• Bryce Barrows

How long will it take to get the job done? Why our timing is off! productivity




Has your boss ever given you work to do and asked you how long it will take you to complete it. And you blurt out “I will have it done in an hour”.

An hour later you still seem to be stuck working on the task and you are nowhere close to finishing it.


I know the feeling I have been there a number of times. I have to admit this was one of my major weaknesses as a young professional.


Under pressure I would give a close completion time /date just to make the boss / management happy and was never ever be able to deliver on time.

What this did was make me look indecisive and showed that I over committed and underperformed. Really not good at all!


These are 2 things you really don’t want your boss or upper management taking note off. Always remember the way to success in the corporate world is to under commit and over perform. That is a sign of Excellence.


What I mean by this is if a task would take a day to complete. Commit on delivering it within 2 days. This gives you plenty of time to complete the work and also deliver a day in advance. It also gives you plenty of time to make changes or corrections to your work if needed.


In your bosses eyes you will appear as the person who always delivers on time. The efficient and trustworthy subordinate. The person he / she can trust on. This is a sure shot way to get you into the spotlight and will lead to multiple promotions and much more.


On another note, talking about time as mentioned above, we always tend to get it wrong. We can never give the proper delivery time. Why is this? Scientific research has shown that as human beings we really cannot gauge time. So when committing we tend to be off quite substantially. In some cases you will deliver way before our commitment and at times way after. The latter seems to be more common.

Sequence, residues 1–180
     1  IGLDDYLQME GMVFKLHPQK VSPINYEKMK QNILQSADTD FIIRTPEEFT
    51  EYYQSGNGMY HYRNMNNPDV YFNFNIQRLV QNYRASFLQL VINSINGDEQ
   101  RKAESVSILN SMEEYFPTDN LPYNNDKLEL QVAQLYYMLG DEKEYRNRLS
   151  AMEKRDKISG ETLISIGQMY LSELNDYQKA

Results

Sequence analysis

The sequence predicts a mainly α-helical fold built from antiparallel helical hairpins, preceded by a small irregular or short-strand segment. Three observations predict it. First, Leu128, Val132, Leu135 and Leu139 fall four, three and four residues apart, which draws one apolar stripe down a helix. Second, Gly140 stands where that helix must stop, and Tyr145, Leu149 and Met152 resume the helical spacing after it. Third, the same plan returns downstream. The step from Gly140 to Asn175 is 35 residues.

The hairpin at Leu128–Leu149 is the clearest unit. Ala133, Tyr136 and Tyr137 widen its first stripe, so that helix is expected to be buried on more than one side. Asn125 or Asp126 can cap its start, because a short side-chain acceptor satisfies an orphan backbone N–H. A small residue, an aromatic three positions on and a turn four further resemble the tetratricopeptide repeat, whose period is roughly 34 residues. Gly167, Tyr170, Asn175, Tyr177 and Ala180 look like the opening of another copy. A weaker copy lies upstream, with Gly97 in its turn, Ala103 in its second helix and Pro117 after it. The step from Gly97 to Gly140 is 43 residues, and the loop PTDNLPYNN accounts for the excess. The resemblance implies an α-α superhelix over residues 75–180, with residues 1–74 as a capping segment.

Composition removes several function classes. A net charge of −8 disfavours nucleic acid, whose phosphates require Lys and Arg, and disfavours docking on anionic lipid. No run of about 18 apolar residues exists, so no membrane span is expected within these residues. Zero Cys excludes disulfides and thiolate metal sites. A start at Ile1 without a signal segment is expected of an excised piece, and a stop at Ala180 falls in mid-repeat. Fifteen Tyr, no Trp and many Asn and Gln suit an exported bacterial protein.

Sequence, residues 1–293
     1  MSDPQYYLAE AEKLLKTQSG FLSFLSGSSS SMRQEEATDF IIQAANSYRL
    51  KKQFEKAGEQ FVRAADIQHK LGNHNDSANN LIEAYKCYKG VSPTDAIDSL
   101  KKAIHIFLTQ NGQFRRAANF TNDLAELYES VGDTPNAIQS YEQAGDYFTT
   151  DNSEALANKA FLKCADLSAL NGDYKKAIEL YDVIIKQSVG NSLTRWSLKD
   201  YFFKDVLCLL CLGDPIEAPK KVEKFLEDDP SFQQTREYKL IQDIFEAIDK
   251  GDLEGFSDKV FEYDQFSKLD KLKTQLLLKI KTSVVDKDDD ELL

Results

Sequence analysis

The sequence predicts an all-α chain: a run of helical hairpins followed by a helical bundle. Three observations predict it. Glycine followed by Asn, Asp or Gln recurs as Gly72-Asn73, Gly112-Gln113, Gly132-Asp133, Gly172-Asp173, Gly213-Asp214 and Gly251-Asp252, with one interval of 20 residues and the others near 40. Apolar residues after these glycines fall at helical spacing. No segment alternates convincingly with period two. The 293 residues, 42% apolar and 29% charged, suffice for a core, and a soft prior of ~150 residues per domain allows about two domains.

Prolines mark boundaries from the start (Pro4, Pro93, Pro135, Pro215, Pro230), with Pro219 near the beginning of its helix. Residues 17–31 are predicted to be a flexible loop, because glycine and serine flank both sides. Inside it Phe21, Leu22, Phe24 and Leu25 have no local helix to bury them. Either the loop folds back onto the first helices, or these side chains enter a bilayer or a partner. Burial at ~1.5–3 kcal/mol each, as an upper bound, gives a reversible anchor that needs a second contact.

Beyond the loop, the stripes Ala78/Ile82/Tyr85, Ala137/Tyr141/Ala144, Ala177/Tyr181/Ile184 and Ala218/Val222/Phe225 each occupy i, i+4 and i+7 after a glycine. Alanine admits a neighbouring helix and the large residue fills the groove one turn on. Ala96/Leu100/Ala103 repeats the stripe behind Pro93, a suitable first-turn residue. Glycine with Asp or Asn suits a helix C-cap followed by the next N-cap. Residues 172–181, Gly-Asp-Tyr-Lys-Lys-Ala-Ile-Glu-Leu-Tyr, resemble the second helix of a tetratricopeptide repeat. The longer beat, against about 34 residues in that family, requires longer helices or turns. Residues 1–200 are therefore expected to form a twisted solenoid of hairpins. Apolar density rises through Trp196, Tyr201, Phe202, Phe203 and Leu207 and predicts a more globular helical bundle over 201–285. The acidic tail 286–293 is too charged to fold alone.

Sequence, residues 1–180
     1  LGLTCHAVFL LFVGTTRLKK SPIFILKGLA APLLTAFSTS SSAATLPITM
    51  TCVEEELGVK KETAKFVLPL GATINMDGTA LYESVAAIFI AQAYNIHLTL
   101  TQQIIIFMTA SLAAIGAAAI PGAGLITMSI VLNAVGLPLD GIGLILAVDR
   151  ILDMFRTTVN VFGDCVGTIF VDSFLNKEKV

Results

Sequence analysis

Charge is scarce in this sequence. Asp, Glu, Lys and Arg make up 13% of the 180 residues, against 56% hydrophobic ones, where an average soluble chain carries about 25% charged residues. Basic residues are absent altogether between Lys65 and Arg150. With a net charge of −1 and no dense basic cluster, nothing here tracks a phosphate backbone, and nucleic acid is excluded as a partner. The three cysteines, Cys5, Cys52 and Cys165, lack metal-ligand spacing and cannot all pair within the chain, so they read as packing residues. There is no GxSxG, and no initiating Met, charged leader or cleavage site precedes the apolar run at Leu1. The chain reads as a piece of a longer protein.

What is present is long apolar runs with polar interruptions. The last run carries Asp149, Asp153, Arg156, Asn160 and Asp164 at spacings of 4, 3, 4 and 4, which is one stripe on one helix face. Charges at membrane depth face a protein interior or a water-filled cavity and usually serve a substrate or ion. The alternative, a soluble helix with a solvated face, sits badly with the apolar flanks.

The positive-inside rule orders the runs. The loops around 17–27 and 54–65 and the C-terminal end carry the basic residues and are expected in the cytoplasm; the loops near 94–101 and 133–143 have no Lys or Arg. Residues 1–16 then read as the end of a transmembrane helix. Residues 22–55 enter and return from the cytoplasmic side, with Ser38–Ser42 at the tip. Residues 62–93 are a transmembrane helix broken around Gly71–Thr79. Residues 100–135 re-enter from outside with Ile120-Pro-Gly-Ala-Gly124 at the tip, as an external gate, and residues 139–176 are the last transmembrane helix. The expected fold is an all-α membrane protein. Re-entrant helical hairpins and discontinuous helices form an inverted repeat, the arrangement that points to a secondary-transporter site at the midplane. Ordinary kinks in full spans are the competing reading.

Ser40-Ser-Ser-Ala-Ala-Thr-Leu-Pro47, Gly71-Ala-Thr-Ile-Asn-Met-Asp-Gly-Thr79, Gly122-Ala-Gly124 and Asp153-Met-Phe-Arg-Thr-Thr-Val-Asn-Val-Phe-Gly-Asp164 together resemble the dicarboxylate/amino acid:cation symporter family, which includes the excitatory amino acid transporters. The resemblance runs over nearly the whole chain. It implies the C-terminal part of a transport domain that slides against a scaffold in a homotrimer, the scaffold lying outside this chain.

I really cannot remember but I came across a formula that seems to work for me when committing on time. I really can't remember where I read it, it could have been in Laura Vanderkam’s book 168 Hours: You have more time than you think. Really not sure. But what’s important is the formula:


Best case time + (4 X Most likely time) + worst case time/ 6


You will need to convert time into minutes for this to work


So lets try an example:

Lets suppose your boss asks you for a report and you tell him you will deliver it within an hour (60 mins). That will be your Most likely time. Now you may have told him this because in your head you had a picture in your mind that you could have it done in 45 mins. This would be your most likely time. Now let us suppose you had a series of calls, interruptions and delays. What would be your time in such a case. Lets say that would be 1 and a half hour (90 mins).

Now lets input this data into the formula above.

(45 + (4 x 60) + 90) /6

(45 + 240 +90) / 6

375 /6

= 62.5


What this means is that you would deliver the work with a 2 and a half minute delay ie. of 1 hour and 2 ½ minutes instead of in one hour.


This formula has helped me a number of times and saved me from throwing myself into the deep end of the pool. I hope it works for you too.

I am attaching an excel sheet which makes the above easier to use. Please feel free to download and use it. The formula is already embedded so all you need to do is put in your data and it will calculate the time of delivery for you. Here’s the Excel

I would love to hear your comments on the above formula. Please do share your experiences with us.

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